I stepped out onto the grass on a dull gray July morning. Before me, I could see the great St. Lawrence River. The waves were very large and they made me a bit nervous.
“There is nothing to worry about,” I told myself. I had done this several times before. My dad and I always went sailing when we visited Grandma in Upstate New York. I could see Dad assembling the mast at the waterfront. I slowly walked down toward the water, strapping my life jacket on as I went. From Dad’s responding glance, I must have looked more nervous than I felt.
Dad asked, “Are you ready?”
“Sure,” I answered. “It looks like a windy day; just look at those waves out there.”
“Those big waves won’t affect us in the bay,” my dad reassured me. Dad and I usually stayed within the protection of French Creek Bay on a day like this. We did not venture out into the main river channel in our small Sunfish very often.
“That’s good,” I said. We set sail into the bay shortly after this conversation. As we sailed along the bay, we got closer and closer to the river channel.
“OK,” Dad said. “Let’s turn around and head back.”
As I jammed left on the tiller and ducked so that the boom would not hit me as we turned, the sail flapped in the strong wind and did nothing. “What’s wrong?” I said, with a little bit of worry in my voice. “Why can’t we turn?”
“This has never happened to me before,” my dad said. “Let’s try again.”
I acknowledged him with a nod and once again, I tried to turn and nothing happened. “Why won’t it work?” I asked.
“The wind must be too strong,” he responded.
We tried to turn a few more times but none of the attempts was successful. By then, we were out in the main river channel. The wind had increased tremendously, so much that we had to shout to communicate. The large waves battered our small boat, frightening me deeply.
After we went a little farther, Dad got an idea. “We can sail over to Grindstone Island and turn around in Aunt Jane’s Bay. The wind won’t be as strong there, so we should be able to turn. We are just going to have to hold on for the ride of our lives.”
I could imagine Grindstone Island was probably two miles away from our location. We flew through the water faster than we ever had before. Cold water splashed on my face as we moved closer to the bay. As we got closer, Dad told me to get ready. When we entered the bay, the sail stopped flapping. “OK, just like back in French Creek,” Dad yelled. Again, I jammed left on the tiller and ducked so the boom would not hit me as we turned around. As I raised my head, I saw that we were finally facing home.
“That did it,” Dad shouted. “Now we just have to make it back to French Creek Bay without flipping.” This would be an easy task if the wind was calmer, but today the wind was definitely not calm. We sailed through the water in the opposite direction. For the first time since we set sail, I felt sure we would make it home.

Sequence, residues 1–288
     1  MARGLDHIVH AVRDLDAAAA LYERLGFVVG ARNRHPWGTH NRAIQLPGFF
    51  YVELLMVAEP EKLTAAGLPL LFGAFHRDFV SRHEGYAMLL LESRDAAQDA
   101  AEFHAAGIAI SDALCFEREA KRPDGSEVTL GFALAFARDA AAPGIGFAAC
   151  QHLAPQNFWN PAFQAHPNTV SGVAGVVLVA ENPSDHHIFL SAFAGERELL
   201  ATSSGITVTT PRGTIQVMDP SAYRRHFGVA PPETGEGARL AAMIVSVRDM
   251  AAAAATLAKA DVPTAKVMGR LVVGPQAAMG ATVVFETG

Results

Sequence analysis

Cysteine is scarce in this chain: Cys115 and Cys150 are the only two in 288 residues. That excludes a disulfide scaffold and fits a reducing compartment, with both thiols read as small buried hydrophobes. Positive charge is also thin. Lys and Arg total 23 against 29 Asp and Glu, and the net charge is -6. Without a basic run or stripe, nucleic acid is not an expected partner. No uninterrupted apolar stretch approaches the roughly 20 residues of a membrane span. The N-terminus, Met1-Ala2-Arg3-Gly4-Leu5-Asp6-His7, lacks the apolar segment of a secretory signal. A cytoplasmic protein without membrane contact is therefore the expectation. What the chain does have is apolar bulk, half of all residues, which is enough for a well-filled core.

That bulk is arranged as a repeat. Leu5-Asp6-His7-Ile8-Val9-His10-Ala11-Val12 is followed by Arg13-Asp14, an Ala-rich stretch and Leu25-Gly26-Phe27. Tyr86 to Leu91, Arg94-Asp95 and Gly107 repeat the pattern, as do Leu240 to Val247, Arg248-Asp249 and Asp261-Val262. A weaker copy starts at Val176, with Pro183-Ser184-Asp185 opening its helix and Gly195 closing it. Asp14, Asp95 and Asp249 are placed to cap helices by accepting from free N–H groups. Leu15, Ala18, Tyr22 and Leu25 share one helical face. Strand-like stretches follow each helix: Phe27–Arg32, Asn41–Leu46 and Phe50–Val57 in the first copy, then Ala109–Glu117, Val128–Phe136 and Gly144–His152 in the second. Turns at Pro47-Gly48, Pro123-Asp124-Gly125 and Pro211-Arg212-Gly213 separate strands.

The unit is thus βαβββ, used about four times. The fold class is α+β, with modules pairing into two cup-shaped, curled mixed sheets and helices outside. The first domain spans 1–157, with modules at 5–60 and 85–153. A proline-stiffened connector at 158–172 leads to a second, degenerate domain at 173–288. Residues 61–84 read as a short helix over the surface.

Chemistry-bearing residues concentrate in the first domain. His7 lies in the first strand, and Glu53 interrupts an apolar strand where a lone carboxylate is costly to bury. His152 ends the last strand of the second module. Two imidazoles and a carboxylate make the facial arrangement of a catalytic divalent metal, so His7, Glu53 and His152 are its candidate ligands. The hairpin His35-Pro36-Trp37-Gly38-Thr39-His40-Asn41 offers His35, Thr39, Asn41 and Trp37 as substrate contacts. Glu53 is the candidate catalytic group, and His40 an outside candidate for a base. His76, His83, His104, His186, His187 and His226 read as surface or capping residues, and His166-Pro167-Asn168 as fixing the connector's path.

My confidence faded as we sailed past Calumet Island and I felt a sudden jerk as I looked down on the water and realized that the boat was tilting. The next thing I knew I was in the cold water.
I heard Dad scream, “Get away from the sail!” I remember him telling me several summers earlier that the sail floated on the water for a few seconds before it sunk. You would not want to get your clothes caught on the sail or it would pull you down with it. I pulled myself back onto the boat and saw Dad sitting on top of the overturned boat, looking ahead at Calumet Island. He had been able to pull himself out the freezing water faster than I was able to do. The waters between Calumet Island and Governor’s Island were sheltered to the wind, so there was no need to shout anymore.
“Are there people on Calumet Island?” I asked.
“Of course,” Dad said.
We were about 100 yards away from the island. As we drifted closer, I heard the sound of metal scrapping against rock. I figured it was the mast. It was sure to be in rough condition when we reached land. As we got closer, I found I could stand up in the water. We pulled the boat up onto the rocky shore and Dad examined it for about twenty minutes.
After he was finished, he came over and said, “Well, the sail is torn and the mast is bent, but the boat itself is fine. Let’s go find a phone.”
We walked down a paved path toward a house. They must have seen us coming before we saw them, because a few people came rushing toward with towels.
“What happened?” one of them asked us.
“Boat flipped,” Dad and I chorused.
“What kind of boat?” they asked.
“A small sailboat,” my dad answered.
“Can you guys make it back?” another asked.
“Doesn’t look like it,” my dad said. “Do you have a phone we could use? I could call my brother and he can came and get us in his boat.”
“Sure,” one of them answered, going back toward the house. He came back out with a cell phone and handed it to my dad.
Dad dialed Grandma’s number. When he finally spoke, he said, “Gib!” meaning that my uncle was already there. “The sailboat flipped over and we are on Calumet. Come and get us!” We waited in the house for about fifteen minutes and finally saw my uncle’s large motorboat coming by. I then realized the significance of that day. My dad and I worked together to save ourselves and the boat. We rushed out to meet my uncle and a smile came on my face as I realized we were going home.
By Jeff Streets
This article was written by Jeff Streets when he was a 9th grader in West Virginia. He is now a junior in college majoring in Earth Science at Muskingum College, New Concord, Ohio. Jeff’s grandmother was Patricia Streets, who lived in Clayton, NY prior to her death in 2007. Jeff’s father grew up in Clayton and his mother grew up in neighboring Cape Vincent. He writes, “ I have traveled up to the River at least once a year since I was born. Most of my family still lives in the area.”.